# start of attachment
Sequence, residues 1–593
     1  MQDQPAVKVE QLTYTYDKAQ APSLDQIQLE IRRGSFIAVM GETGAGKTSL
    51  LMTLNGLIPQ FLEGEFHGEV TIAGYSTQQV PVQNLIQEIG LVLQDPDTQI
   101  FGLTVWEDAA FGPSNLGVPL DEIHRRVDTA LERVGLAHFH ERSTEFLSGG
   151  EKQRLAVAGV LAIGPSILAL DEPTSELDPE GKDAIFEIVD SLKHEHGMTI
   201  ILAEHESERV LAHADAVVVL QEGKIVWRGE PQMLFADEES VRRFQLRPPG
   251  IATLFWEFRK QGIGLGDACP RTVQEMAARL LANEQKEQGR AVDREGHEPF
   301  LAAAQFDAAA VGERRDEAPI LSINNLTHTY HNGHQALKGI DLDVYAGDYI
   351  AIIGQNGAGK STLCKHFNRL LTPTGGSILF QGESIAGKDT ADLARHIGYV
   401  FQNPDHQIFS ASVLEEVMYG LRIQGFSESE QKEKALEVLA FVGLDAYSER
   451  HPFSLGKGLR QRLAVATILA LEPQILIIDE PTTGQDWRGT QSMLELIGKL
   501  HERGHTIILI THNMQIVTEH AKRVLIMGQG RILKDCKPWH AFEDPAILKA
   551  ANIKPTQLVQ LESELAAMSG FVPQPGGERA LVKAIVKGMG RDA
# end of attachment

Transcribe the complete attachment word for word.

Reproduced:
Sequence, residues 1–593
     1  MQDQPAVKVE QLTYTYDKAQ APSLDQIQLE IRRGSFIAVM GETGAGKTSL
    51  LMTLNGLIPQ FLEGEFHGEV TIAGYSTQQV PVQNLIQEIG LVLQDPDTQI
   101  FGLTVWEDAA FGPSNLGVPL DEIHRRVDTA LERVGLAHFH ERSTEFLSGG
   151  EKQRLAVAGV LAIGPSILAL DEPTSELDPE GKDAIFEIVD SLKHEHGMTI
   201  ILAEHESERV LAHADAVVVL QEGKIVWRGE PQMLFADEES VRRFQLRPPG
   251  IATLFWEFRK QGIGLGDACP RTVQEMAARL LANEQKEQGR AVDREGHEPF
   301  LAAAQFDAAA VGERRDEAPI LSINNLTHTY HNGHQALKGI DLDVYAGDYI
   351  AIIGQNGAGK STLCKHFNRL LTPTGGSILF QGESIAGKDT ADLARHIGYV
   401  FQNPDHQIFS ASVLEEVMYG LRIQGFSESE QKEKALEVLA FVGLDAYSER
   451  HPFSLGKGLR QRLAVATILA LEPQILIIDE PTTGQDWRGT QSMLELIGKL
   501  HERGHTIILI THNMQIVTEH AKRVLIMGQG RILKDCKPWH AFEDPAILKA
   551  ANIKPTQLVQ LESELAAMSG FVPQPGGERA LVKAIVKGMG RDA